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From the Director of LCLS Construction:  My Thanks to the LCLS Collaboration and SLAC

(Photo - John Galayda)

In my life before SLAC, I had the privilege to participate (in various capacities) in the design, construction and commissioning of two linacs, two synchrotrons, four storage rings and three FELs (free-electron lasers). Now I have had the privilege to be in SLAC's Main Control Center on April 10, when the Linac Coherent Light Source became a 1.5 angstrom laser. I don't expect I will ever, as long as I live, see such a beautiful, smooth turn-on of any light source. With each undulator placed on the beam path, the FEL power increased by a factor of about 2.3; two hours into the first attempt at lasing, the pinpoint of FEL light from twelve undulators was nearly 2,000-fold more intense than plain old undulator radiation. The team called it quits at 11:30 p.m. that night. When they returned at 8 a.m. the next morning, the FEL light came back as soon as the shutter was opened.

The FEL power is much higher now, only two weeks later.

I am in awe of the near-perfection to which LCLSers from every corner of every department of SLAC worked in partnership with LCLS collaborators at UCLA and Argonne National Laboratory to make the first operation of the FEL look as simple as turning on a light switch. To make the LCLS lase required a photocathode gun and laser that didn't quite exist yet, producing an electron beam of near-impossibly small size and high current, shot through a 5-millimeter-diameter pipe threading through a 130-meter-long undulator. The electron beam must literally travel as straight as a light beam, with only a few—5 or so—micrometers' room for error. To put that into perspective, a sheet of notebook paper is 50 micrometers thick. And it all worked just right, from the first attempt.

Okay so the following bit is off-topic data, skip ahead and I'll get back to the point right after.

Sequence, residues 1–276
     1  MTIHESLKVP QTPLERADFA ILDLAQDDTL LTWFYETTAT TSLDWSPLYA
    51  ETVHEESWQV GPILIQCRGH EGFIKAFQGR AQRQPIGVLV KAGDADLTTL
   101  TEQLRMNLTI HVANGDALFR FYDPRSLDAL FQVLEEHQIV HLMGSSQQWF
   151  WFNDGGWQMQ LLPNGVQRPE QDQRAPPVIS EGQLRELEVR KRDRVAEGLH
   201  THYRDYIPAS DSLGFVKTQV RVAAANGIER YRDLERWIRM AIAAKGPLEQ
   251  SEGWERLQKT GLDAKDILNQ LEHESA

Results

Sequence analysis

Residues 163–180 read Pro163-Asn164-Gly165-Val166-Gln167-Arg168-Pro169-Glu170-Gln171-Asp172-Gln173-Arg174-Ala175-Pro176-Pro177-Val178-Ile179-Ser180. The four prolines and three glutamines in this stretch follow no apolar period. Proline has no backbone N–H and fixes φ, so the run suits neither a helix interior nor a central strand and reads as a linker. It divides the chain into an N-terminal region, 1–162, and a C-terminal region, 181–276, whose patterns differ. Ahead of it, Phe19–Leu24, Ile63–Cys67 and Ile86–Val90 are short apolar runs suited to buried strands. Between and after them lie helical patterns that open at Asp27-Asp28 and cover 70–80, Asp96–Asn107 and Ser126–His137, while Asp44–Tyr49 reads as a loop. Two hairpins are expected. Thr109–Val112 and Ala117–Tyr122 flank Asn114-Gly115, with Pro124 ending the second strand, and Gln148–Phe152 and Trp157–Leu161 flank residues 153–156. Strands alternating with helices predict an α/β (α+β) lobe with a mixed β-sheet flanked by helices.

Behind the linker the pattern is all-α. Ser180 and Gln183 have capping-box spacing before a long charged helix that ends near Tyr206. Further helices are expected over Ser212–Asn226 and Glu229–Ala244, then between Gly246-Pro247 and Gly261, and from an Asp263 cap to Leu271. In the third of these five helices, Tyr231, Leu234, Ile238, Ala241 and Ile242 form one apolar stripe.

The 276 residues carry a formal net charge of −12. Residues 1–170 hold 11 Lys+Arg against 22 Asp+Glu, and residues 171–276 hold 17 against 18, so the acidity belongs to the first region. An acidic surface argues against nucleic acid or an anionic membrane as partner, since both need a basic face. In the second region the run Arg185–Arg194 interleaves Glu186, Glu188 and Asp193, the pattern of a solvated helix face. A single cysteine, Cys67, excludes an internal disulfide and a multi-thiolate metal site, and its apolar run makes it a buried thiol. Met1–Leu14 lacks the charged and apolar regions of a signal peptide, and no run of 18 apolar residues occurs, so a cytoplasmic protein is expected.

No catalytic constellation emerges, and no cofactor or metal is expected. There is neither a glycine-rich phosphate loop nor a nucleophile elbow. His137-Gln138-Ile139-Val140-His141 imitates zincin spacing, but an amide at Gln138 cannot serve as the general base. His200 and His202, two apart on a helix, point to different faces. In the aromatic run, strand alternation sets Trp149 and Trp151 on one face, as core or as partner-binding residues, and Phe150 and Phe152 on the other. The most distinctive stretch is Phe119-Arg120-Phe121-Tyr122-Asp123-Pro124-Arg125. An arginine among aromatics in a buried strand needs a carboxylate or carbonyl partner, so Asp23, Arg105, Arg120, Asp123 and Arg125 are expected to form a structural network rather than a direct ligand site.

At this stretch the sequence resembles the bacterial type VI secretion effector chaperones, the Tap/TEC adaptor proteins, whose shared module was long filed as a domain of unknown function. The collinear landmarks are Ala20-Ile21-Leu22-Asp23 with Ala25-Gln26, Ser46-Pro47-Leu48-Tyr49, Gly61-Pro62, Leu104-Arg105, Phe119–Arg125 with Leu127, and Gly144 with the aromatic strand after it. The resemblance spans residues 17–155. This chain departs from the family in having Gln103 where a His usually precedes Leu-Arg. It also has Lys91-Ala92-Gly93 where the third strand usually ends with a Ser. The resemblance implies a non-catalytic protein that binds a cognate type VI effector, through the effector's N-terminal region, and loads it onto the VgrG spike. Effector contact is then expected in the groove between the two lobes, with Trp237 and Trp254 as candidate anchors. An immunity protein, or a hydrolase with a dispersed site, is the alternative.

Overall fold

Engineers in SLAC Metrology measure and calibrate an LCLS undulator magnet.

How did the LCLS collaboration members make it go so well? They met an extraordinary set of milestones: Get the beam physics right. Get the engineering designs right. Build and test prototypes to confirm and improve performance. Produce that incredible undulator system. Get the magnet measurements right to within 0.01 percent. Get every critical component fiducialized and aligned almost perfectly. Get the radio-frequency-induced jitter in the beam down to 46 femtoseconds, about of time it takes light to travel one third the thickness of that sheet of notebook paper. Get installation and checkout right. Get everything under automated computer control in a convenient, reliable way. Draw on 40 years' experience with the linac to anticipate and control every phenomenon and hardware characteristic that might affect performance. Get everything upstream of the undulator under automated control so you don't have to think about it much while you are commissioning the FEL. Keep all that hardware in proper repair. Fix every hardware problem so that either it won't come back, or you can control it with preventative maintenance.

While all that is going on, design and build the most stable accelerator housing you can. Commission a super-stable temperature control system.

Install about 52 miles of cable and fiber, terminate/label/check each cable, connect them all where they belong and log them into the database.

Do this all without any compromise in safety, in the area of design or work planning. Don't let a single LCLS worker get hurt.

Get the project planning, budget control, procurement, work supervision, contract administration right so that all of it comes together on time and on budget.

Do this all and, baddabingbaddaboom! You have the world's first hard X-ray laser working right out of the box. Amazing.

Thank you all for giving me the experience of a lifetime. And the ride is not over yet by any measure. There is a lot of work to go, and operation too… and I think I can make out the shape of Undulators 2 and 3 coming over the horizon.

For the present, we have an X-ray beam that, when tuned and focused, might tear the atoms out of any sample material put in its way. Since 1998 the LCLS team at Livermore has been preparing to meet this beam, measure its properties and control it. The builders of the first LCLS scientific instrument—the Atomic, Molecular and Optical physics instrument, or AMO—are getting ready for scientific experiments in September. LCLS is ready for a very interesting summer.

—John Galayda
SLAC Today, April 24, 2009